Mycological Association of Greater Philadelphia Message Board › Sunday update
It has been brought to my attention that the meetup map is wrong and leads you to the shopping center. The other issue is that they recently spent a couple hours at the park and didn't find any mushrooms. They did, however, find lots of wild nettles among other things, which I'll list below.
Feel free to set up another location. I'm out of town, so not much help here. The site is for anyone to use. Morels especially like ash, elms, apple, tulip poplars, old burn sites.
Hugh Brenner of Nature Studies sent me this wonderful info regarding the directions to the park:
If they want to go, they should go to the Manoa Shopping Center on Rt 3 (West Chester Pike) in Havertown 19083. The stoplight in front of the shopping center is where Glendale road starts. Go down Glendale 1 mile and the Park and Merry Place is on the right. I spent two hours in the woods at Merry Place and downstream along Darby Creek and I found no mushrooms except for a dried-up shelf mushroom.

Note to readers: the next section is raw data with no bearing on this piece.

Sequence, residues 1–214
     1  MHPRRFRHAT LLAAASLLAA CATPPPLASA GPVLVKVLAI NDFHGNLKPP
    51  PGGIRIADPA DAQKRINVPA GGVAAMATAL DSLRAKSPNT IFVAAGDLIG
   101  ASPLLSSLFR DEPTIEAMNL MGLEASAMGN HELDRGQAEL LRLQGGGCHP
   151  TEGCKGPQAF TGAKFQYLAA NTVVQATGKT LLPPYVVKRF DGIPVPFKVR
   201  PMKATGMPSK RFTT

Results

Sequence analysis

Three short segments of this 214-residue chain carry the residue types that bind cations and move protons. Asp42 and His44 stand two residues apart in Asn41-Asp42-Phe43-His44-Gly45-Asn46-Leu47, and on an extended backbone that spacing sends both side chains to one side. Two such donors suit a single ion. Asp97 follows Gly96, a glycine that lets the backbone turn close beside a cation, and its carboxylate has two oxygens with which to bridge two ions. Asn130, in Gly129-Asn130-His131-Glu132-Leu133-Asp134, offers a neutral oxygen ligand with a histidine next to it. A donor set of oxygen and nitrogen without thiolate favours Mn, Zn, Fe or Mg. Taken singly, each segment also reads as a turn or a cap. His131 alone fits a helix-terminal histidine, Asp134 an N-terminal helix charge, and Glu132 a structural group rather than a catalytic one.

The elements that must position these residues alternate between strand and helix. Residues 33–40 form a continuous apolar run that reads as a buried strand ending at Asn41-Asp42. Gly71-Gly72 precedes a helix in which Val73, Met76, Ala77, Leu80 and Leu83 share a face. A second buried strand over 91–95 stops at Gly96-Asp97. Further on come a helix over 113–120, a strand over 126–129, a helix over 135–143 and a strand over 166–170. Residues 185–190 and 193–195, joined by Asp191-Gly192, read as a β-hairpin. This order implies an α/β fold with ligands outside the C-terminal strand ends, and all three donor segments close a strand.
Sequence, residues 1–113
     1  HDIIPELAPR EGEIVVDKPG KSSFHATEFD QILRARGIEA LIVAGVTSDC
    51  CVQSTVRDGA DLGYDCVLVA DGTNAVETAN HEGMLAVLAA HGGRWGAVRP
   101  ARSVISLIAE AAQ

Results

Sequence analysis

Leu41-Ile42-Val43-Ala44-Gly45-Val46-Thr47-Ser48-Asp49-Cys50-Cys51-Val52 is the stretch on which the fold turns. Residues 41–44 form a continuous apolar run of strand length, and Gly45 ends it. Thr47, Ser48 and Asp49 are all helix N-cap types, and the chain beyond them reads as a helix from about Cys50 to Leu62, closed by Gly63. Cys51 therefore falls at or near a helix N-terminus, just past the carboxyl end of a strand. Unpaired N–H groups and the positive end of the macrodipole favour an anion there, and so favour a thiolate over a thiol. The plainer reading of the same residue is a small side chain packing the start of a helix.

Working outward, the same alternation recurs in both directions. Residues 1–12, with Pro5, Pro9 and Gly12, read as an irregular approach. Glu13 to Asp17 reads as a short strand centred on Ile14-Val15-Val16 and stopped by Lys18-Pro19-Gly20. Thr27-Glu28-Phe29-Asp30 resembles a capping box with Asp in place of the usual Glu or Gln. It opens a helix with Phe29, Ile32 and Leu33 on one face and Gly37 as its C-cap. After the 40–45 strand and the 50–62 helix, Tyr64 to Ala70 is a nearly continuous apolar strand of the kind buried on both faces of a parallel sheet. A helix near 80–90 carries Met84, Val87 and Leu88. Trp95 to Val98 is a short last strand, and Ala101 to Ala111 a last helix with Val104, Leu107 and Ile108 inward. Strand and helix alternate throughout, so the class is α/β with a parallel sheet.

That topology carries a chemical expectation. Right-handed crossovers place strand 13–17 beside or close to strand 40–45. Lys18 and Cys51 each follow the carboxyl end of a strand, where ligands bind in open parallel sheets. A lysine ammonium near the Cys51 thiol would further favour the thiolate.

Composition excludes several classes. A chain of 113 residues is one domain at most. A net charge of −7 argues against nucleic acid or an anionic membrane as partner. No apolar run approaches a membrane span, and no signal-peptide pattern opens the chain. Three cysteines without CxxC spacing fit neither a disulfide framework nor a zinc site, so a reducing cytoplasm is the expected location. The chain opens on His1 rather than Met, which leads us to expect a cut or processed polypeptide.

I did find masses of Common Nettle just starting to go to flower, so now is the last chance to harvest it. The nettle in the shade isn't quite flowering yet. To pick nettle bring gloves, scissors and a bag. I made some Swedish nettle soup last week, yum. Nettle is supposed to be great for allergies, amongst other things. I also found dandelion, yellow dock, jewelweed - apply for nettle sting, milkweed, (dogbane - looks like milkweed, but more slender leaves; not edible but great for cordage, use last year's desiccated stems), dead nettle, cleavers, ground ivy, garlic mustard, yellow mustard, ticks, poison ivy, clear-weed, curly dock, yellow dock, Spring Beauty - small starch bulbs, Japanese knotweed, mayapple, honeysuckle bush, Lesser Celandine, wild roses, various apple and cherry trees in blossom, grape vines, spicebush, poke, wild hops, phragmites, chickweed, plantains, ground ivy, canadian thistle, Wood Nettle, False Nettle, Mulberry (almost ready), devils walking stick, ginger, jack-in-the-pulpet, and last but not least, skunk cabbage.